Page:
Slightly further out of the city in the other direction is Port Royal, founded in 1650 and destroyed in a massive earthquake in 1692, when it was part military base and part pirates’ nest. Although it never regained its 17th-century glory or notoriety, it was still used as a military garrison for much of the British period, and quite a few of the fortifications remain (including the so-called Giddy House, a Royal Artllery store left at a 45-degree angle by the earthquake of 1907).

Rush hour in Kingston, especially during school term, is a reminder that this really is a city. Traffic snakes wearily through the streets for mile after mile. Wealthier Jamaicans endure this rite from the lofty vantage point of glistening four-wheel drives or BMWs, cruising in from Jack’s Hill or Beverly Hills, chattering away on cellular phones or gesticulating at vehicles behind or in front. Everybody is tuned in to the various call-in talk shows which process the latest scandals or political controversies, seemingly round the clock, with the help of an articulate and animated populace. Ancient mini-buses trundle precariously along the main routes, with the braver passengers dangling off the sides. Imported used Japanese cars — called “foreign used” in Trinidad but “deportees” in Jamaica — race through the traffic as mini-cabs.

If you are staying in Kingston for a few days, you have a good choice of accommodation. The Pegasus and the Wyndham, both in New Kingston, provide excellent facilities, with all the amenities and services that the modern business traveller expects, and are well located in the heart of the commercial and banking centre. The most popular smaller hotels, also very well equipped and located, are the Mayfair, the Terra Nova and the Courtleigh, all in the same general area.

Latin night at the Junkanoo Lounge in the Wyndham is a popular event for all versed in merengue, salsa et al (there are some serious dancers there, so go prepared!). Cuban bands play at the Crowne Plaza Hotel, in the lounges, and outdoors on occasion — a pleasant and affordable diversion. The hot spot for young Kingstonians seems to change from month to month, the latest being Mingles at the Courtleigh Hotel in New Kingston. There’s a lively pub atmosphere at Peppers, in north-east Kingston in the Barbican area. Godfather’s (New Kingston), Bleacher’s (Constant Spring Road) and 24 Carat (Manor Park) are other after-dark possibilities. Check the local papers to see if there are any good dance or theatre productions at the Ward Theatre, Little Theatre or The Barn.

If you prefer colonial style to modern luxury hotels, The Liguanea Club provides accommodation for members and guests. The Liguanea is a wonderful structure which has resisted the modernisation of surrounding New Kingston; its decor is darkly majestic, the service is excellent, and the atmosphere. The Liguanea Club is well worth a visit, if you can persuade a member to take you there for drinks or tea on the verandah.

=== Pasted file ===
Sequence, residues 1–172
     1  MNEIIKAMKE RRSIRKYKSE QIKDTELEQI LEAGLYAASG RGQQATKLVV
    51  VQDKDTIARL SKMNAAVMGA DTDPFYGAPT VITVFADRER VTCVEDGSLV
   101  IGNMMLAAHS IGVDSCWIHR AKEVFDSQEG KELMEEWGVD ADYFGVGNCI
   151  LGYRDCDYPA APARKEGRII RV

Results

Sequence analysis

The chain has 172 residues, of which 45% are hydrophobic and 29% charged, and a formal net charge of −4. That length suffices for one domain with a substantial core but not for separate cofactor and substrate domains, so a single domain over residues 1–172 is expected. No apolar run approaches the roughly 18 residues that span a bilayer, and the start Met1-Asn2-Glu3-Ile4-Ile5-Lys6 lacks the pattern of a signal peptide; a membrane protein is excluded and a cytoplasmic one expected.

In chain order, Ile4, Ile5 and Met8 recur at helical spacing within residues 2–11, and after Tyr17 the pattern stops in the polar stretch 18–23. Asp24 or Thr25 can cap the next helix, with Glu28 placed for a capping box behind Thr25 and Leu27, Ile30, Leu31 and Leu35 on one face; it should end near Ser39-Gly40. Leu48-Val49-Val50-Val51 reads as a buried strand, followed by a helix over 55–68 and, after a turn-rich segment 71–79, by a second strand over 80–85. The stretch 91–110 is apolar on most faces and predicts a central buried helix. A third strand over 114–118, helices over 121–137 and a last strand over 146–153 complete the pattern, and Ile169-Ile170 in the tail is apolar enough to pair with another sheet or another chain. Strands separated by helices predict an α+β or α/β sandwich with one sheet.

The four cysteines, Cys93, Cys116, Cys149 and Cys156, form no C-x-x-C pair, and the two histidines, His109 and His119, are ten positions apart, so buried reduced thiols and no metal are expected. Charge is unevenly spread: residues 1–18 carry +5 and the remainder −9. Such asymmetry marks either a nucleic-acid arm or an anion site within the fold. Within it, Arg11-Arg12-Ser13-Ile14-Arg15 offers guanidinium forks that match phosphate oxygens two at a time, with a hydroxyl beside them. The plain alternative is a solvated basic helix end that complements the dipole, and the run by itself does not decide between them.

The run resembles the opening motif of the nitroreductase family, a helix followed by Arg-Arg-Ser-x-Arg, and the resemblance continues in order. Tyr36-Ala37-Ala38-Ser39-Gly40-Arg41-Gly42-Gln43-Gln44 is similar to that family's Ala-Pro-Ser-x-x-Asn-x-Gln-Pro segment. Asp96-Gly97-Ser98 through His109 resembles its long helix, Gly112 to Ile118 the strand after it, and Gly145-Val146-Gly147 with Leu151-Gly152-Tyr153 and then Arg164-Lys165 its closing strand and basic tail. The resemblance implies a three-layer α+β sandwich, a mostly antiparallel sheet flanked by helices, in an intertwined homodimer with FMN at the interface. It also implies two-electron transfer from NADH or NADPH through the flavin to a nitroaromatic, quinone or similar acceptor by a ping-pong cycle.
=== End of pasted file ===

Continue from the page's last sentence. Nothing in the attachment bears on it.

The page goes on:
When you hit the shopping trail, you’ll find that, apart from one in New Kingston (Dominica Drive), most of the shopping malls are on the Constant Spring Road, north of New Kingston, and in Liguanea.

Don’t stay stuck in the city itself, though.

At weekends, some Kingstonians head out for the beach at Hellshire, where peppery fresh fish and “bammy”, made from cassava, can be bought from stalls along the beach and washed down with a chilled Red Stripe — a relaxing way to spend a Sunday. Just past Mona (where the University of the West Indies is based), about 15 minutes’ drive from New Kingston, Papine is a teeming gateway between the Blue Mountains and all points north-west of Kingston. If you risk a rickety climb up what seems like a fire escape for dwarves, you reach the excellent Roof Top Lounge bar/café where, for an alarmingly small amount of money, you can have a good meal of rice and peas and chicken, on an open-air concrete roof overlooking Papine’s bustling main drag. All the hurly burly of Kingston life takes place below: scooters, motorbikes, taxis and buses jostling with one another and blaring the lyrical cacophony of Jamaica. I could spend hours on this rooftop, sipping Red Stripe or Appleton Rum and gazing up at the hills towards Newcastle. In the background, mammoth speakers expel dub music, reminding patrons that conversation in Jamaica must, wherever possible, be undertaken at maximum volume.

Also in Papine is the Papine Jerk Garden. This is a traditional jerk pit for one of Jamaica’s foods, dry and hot, where one can sit outside and attempt to consume super-peppery pork and chicken. The jerk should be accompanied by a “festival” or two: a dry, sweet biscuit-like bread which tempers the fire. I am told by hard-core Jamaican jerk lovers that there is better to be had, and no doubt they are right, but I certainly found it up to standard and recommend it highly.

Kingston, no matter what the north-coast fanatics say, is actually a very good base for exploring Jamaica. Within easy driving distance are the old Spanish capital of Spanish Town, only 14 miles to the west; and the foothills of the Blue Mountains, which provide glorious views over the city and the harbour, and secrete some extremely tempting restaurants and resorts. Drive up to Irish Town and Newcastle to see what I mean, or on to Holywell National Park.

If you have a full day or half-day free, take a drive north-west out of Kingston, through bustling Papine, and climb the winding road to Strawberry Hill in Irish Town in the Blue Mountains. One of Chris Blackwell’s Island Outposts, Strawberry Hill is an exotic and beautiful mountain retreat. You can stay there or simply stop for refreshment. Sunday brunch is served on the terrace overlooking Kingston to the south-west or the Blue Mountains to the north-east. The view and atmosphere are stunning. It is advisable to call ahead and let them know you are planning a trip, as it is often booked up or being used for a fashion shoot.